Like Rocky Balboa himself, 2015’s Creed, game out of the corner and into the ring swinging; beating fans and critics alike to deliver a winner. Steve Googler steps down as director with Steven Caple Jr taking the helm and manages to pull off an exceptional second round. Creed II continues the fight of Adonis Creed and his mentorship with Rocky Balboa, his late father’s old boxing opponent. Creed, now a champion in his own right, is knocked off his throne by the violent return of Rocky’s Russian nemesis Ivan Drago and his brute son.
Creed was a knockout. Creed II is just as good, maintaining the title of best sporting films in recent memory. The films strongest punches are in its powerful performances, slick story and some of fiercest fight choreography in years. Michael B. Jordan is one of the strongest young actors working today and anchors the film with weight and maturity, giving complexity to a character that so easily could have been two dimensional. His Adonis Creed is a flawed hero whose success and hubris is beginning to cripple the fighter. Cleverly the film opens with Adonis entering the ring with the same sort of bravado and smugness as the first film’s villain.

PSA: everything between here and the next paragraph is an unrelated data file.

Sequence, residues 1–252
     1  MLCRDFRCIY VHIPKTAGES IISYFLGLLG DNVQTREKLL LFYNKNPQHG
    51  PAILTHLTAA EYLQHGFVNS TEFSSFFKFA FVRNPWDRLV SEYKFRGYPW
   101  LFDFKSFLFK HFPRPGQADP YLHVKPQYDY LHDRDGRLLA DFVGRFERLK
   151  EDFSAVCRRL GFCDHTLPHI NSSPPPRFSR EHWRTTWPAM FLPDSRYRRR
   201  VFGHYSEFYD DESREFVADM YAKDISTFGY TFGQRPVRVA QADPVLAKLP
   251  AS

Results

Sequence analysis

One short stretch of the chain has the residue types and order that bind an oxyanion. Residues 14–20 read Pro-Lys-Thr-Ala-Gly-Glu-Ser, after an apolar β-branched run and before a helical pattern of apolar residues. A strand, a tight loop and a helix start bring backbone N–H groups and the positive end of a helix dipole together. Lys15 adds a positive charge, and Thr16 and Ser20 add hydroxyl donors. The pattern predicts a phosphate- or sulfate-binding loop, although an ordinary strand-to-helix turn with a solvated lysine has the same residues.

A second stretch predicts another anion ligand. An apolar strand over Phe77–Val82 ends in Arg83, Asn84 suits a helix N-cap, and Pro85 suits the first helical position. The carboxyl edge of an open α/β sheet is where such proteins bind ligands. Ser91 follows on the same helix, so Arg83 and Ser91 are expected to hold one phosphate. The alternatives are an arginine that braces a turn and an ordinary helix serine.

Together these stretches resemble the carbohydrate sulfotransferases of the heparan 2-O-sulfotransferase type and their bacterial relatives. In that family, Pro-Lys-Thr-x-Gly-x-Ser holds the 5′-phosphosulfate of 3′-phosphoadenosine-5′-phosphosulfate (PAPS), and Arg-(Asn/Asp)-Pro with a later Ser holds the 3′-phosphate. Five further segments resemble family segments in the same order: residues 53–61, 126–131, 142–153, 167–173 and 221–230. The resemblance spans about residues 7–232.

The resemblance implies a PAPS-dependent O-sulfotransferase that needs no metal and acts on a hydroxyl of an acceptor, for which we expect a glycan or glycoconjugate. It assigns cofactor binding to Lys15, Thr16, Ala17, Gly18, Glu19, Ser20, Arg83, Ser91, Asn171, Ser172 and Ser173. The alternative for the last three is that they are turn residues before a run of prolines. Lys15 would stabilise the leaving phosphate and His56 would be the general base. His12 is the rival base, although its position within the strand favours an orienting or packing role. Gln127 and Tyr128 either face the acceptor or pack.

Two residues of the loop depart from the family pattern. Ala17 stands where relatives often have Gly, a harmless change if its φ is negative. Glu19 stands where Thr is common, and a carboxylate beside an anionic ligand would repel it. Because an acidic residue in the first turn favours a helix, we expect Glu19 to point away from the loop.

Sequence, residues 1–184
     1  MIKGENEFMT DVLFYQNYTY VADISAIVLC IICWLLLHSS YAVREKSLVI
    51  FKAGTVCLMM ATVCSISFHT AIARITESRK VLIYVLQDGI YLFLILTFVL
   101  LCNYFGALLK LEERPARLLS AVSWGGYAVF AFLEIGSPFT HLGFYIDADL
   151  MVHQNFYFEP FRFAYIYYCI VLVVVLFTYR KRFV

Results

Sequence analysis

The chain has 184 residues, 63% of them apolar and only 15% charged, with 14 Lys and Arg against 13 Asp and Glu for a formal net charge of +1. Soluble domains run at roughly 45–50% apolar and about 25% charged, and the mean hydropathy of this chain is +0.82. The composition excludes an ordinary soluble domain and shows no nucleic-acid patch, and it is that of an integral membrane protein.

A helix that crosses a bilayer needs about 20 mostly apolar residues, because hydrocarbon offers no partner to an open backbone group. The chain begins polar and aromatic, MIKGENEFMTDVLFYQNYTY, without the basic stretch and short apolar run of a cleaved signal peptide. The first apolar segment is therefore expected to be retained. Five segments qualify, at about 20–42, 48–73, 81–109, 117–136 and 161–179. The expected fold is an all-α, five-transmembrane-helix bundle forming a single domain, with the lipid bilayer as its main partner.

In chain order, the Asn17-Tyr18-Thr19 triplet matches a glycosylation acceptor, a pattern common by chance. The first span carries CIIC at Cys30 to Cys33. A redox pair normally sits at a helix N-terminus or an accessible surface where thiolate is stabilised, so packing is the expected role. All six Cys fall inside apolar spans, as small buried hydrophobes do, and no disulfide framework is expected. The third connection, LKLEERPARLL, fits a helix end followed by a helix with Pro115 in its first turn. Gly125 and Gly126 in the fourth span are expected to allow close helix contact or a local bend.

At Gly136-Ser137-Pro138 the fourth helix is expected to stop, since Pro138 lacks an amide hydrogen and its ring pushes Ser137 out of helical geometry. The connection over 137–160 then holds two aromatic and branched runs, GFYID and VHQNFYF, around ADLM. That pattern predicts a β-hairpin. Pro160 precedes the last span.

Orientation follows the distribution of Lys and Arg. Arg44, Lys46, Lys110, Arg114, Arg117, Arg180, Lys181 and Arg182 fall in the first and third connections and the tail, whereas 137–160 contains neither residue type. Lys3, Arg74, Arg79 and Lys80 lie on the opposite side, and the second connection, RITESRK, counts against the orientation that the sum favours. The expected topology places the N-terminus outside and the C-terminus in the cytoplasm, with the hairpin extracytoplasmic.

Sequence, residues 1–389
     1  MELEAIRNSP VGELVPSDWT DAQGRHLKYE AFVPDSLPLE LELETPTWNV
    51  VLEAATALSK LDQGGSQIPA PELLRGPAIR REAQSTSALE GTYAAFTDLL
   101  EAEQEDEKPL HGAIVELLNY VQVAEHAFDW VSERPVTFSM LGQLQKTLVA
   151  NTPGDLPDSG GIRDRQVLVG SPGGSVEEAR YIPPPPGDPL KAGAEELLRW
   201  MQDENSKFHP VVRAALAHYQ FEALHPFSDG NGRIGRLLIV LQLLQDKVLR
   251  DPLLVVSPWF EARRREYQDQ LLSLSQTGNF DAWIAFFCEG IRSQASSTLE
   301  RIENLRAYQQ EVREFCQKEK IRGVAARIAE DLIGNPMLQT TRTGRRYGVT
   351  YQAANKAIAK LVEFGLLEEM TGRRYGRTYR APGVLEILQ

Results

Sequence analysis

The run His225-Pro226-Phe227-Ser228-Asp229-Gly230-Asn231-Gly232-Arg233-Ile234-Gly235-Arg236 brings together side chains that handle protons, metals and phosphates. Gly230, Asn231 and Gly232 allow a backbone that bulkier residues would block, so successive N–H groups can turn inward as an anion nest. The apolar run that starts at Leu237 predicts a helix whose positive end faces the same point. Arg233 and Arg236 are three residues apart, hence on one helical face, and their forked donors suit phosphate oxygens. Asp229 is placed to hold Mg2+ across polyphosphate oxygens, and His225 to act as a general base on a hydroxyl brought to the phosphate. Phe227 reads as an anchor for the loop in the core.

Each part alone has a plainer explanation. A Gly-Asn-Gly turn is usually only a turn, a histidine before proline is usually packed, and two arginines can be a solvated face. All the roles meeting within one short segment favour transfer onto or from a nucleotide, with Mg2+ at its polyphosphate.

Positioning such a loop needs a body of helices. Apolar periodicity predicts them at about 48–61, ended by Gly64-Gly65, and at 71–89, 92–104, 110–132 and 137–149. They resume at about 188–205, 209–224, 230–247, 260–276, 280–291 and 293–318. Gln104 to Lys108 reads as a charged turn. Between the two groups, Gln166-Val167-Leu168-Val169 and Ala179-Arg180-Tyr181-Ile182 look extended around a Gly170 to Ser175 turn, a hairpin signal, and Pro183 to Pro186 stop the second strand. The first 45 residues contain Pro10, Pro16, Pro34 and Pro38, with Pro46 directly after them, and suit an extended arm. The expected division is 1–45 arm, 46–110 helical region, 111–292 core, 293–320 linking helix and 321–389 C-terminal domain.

What follows is a story arc that is nothing new, but it works. The formula flows, the characters are likable and one finds themselves genuinely invested. Though the boxing may be lacking in suspense, thankfully the same is not true for the scenes that take place outside the ring. This is boosted by the effortless chemistry and charisma between Jordan and Tessa Thompson – who is thankfully given more to work with this time around. She’s fiery and electrifying. As for Stallone, he is undoubtedly a good actor, one that doesn’t receive the due credit. While unfortunately he isn’t quite the revelation he was last time, he is still adding depth and nuance to Rocky Balboa over 40 years after the character first graced our screens. The film also manages to make the cartoon villain of Ivan Drago (Dolph Lundgren) from Rocky IV into a complicated and motivated antagonist. The challenger this time, Viktor Drago (Florian Munteanu) is a brute force, and although he isn’t given much dialogue, he is an imposing opponent.
Shot with pace and fast editing, utilizing POV camera work in the ring thrusting us into the action and making us feel every damaging blow thrown at our hero, Creed II is a tale about strength and legacy. Creed and the Drago’s lose their strength, seek their legacy and fight to get it back. They have got to go to hell and back to triumph. Creed II is flawed, a little cliché and predictable, however that doesn’t make it any less fun, enjoyable and full of heart. Creed II delivers the same wallop as the first, even if it isn’t as good.
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